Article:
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Sekino Jun-ichirô (関野準一郎)

Description:
Numazu - Latticework tile wall (station 13)
Signature:
Jun Sekino in pencil; the paper is also watermarked "Jun Sekino"
Seals:
Artist Seal: Jun
Publisher:
Self-published
Date:
February 1964 (this design); Series: 1960-1974
Format:
(H x W)
Double large-ôban woodblock print
42.5 x 55.0 cm
Impression:
Excellent
Condition:
Very good color and overall condition (unbacked; large margins with deckle edges; two fox spots, one barely visible, at lower left; paper flaw crease in top margin; slightly toned areas only in margin)
Price (USD/¥):
$475 / Contact us to pay in yen (¥)

Order/Inquiry (Ref#SEK03)

Comments:
Background

Sekino Jun'ichirô (関野準一郎 1914–1988) was the leading Japanese figurative printmaker to emerge from the circle of Onchi Kôshirô (1891–1955). Highly skilled in drawing and composition, Sekino assimilated traditional and modern art from Japan, Europe, and the United States in his portraiture, still life, and landscapes. A prolific artist, he worked for nearly six decades, producing well over a thousand prints, drawings, watercolours, oil paintings, and illustrated books. His best works, especially those around the mid-twentieth century, stand out as notable achievements in modern Japanese printmaking.1

Numazu (沼津), an ancient settlement mentioned in eighth-century records from the Nara period (奈良時代), was a castle town during the Edo period (江戸時代). Once part of the Odawara Domain (Odawara-han: 小田原藩), it became a separate Numazu Domain (Numazu-han: 沼津藩) with the construction of Numazu Castle in 1777. Central Numazu was destroyed by fire in 1926, and in 1944 the city expanded through merger with neighboring Katahama, Kanaoka, Ooka, and Shizuura villages. The city was targeted by American forces in World War II and was mostly destroyed by bombing on July 17, 1945. Today Numazu is a large industrial city and regional financial center in eastern Shizuoka Prefecture. It is also famous for a popular tourist attraction, Senbonhama (Forest of a Thousand Pines: 千本浜) along its seashore.

In all standard Tôkaidô series, Numazu is the thirteenth station along the Tôkaidô (Eastern sea road: 東海道) when traveling from Edo (Tokyo) to Kyoto. Woodblocks for Sekino's series, however, were not carved and printed strictly according to station order — his view of Numazu was the seventeenth design he issued in the series.

Design

The house shown in Sekino's print is not a common type in Japan, as its facade is made entirely of a special kind of tile that is set with protruding plaster seams, making the wall nearly fireproof. A stylized architectural theme is preeminent here, with crisscrossing lattices and undulating roof tiles laid out in repeated rhythmic patterns. The effect is both decorative and linearly powerful.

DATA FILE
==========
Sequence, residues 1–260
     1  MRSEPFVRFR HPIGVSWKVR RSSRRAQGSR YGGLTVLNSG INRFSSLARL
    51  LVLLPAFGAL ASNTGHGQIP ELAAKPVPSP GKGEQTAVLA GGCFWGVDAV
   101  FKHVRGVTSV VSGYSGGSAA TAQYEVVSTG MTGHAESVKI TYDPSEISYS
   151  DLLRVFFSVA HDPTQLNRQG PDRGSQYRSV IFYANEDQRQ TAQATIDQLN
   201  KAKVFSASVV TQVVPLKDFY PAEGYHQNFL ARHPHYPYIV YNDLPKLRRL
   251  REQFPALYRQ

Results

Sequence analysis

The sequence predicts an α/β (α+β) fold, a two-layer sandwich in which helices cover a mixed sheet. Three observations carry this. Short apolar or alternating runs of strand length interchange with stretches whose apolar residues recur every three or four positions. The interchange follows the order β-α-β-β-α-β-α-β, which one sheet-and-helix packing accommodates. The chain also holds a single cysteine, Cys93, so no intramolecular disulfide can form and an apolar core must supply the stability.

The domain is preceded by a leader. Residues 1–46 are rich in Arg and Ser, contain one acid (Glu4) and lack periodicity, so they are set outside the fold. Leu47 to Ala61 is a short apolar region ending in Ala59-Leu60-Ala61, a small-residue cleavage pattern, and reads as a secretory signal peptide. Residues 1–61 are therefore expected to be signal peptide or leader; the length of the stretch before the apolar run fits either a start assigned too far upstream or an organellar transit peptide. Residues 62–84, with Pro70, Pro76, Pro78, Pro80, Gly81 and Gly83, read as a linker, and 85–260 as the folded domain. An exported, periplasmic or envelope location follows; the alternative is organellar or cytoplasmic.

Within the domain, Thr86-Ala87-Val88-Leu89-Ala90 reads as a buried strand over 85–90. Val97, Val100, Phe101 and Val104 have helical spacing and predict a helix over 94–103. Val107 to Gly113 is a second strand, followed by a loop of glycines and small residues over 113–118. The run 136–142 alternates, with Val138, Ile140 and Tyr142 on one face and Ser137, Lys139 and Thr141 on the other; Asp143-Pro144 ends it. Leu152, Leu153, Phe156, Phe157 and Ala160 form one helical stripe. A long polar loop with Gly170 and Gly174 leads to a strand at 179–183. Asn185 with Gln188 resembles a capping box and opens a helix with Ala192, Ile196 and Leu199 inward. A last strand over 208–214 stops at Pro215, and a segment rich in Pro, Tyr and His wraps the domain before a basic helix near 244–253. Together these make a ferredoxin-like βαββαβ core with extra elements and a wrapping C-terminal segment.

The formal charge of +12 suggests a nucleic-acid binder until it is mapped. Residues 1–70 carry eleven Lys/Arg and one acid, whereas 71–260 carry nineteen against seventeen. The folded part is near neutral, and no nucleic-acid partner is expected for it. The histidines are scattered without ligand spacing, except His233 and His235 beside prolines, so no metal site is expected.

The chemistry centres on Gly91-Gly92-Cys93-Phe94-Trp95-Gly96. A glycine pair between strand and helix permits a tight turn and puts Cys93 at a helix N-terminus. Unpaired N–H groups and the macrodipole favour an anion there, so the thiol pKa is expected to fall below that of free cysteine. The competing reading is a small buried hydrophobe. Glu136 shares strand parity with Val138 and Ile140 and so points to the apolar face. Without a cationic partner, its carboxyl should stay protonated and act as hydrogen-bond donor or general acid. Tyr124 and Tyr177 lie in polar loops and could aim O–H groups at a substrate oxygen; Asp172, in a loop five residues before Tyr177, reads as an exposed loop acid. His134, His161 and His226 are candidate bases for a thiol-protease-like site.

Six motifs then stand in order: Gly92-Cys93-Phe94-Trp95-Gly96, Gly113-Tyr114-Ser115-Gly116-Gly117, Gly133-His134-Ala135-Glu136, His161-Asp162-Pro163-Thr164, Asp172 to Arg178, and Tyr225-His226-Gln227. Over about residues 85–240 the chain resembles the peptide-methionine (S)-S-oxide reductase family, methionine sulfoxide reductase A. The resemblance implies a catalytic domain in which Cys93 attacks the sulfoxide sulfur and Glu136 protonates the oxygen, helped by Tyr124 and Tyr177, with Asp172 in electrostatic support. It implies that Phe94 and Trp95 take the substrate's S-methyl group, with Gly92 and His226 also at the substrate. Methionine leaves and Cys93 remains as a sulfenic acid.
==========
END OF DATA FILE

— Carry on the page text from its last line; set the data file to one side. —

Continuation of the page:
Sekino embarked on this series soon after returning from time spent in Central and North America and in Europe. It is said that during his travels he gained a greater appreciation for documenting his journeys and for the native beauty and special character of landscapes and cityscapes in Japan. Sekino visited all the sites along the Tôkaidô that were of interest to him, where he sketched the scenes, sometimes returning to make additional drawings. He cut all the blocks and pulled artist's proofs. The paper (here watermarked "Jun Sekino" in the lower middle margin) for the series was a type of Echizen washi called kizuki hôsho, made expressly for the artist from mulberry-wood fibers by Iwano Ichibei VIII. Both Ichibei VIII (1901-1976; 八代岩野市兵衛) and his son Ichibei IX (born 1933; 九代岩野市兵衛) were designated, in 1968 and 2000, respectively, as Ningen kokuhô ("Living National Treasure": 人間国宝) by Japan's Agency for Cultural Affairs. Printing of the series was divided among three expert artisans: Kobayashi Sôkichi, Yoneda Minoru, and Iwase Kôichi, whose work Sekino supervised. He signed and sealed all impressions that met his approval.

When Sekino completed his series, he composed a poem: "After fifteen years, / I finally finished the / Fifty-three stations / of the Tôkaidô series; / Admiring them, I caught cold."2 One is perhaps reminded of traditional kyoka (playful verse: 狂歌) wherein refinement sits comfortably alongside the ordinary. In 1975 the Japanese Ministry of Education presented Sekino with an award for the series, honoring him for "... the recreation of the old fifty-three stations of the Tôkaidô highway in the light of the present day."3-4

References:

  1. Fiorillo, John, "The art of Sekino Jun’ichirô: Expressive realism and geometric formalism," in: Andon, 2017, no. 104, p. 73.
  2. Tikotin Museum of Japaese Art (53 Stations of the Tokaido: Sekino Jun'ichiro Summer 1988), exhibition catalog, unpaginated (* English trans. by Ted Gorelick);
  3. Merritt & Yamada: Guide to Modern Japanese Woodblock Prints, 1900-1975, pp. 259-260;
  4. Robert McClain, Woodblock Prints by Sekino Jun'ichirô: The Fifty-three Station of the Tôkaidô, 1978, Museum of Art, University of Oregon, exhibition catalog, unpaginated.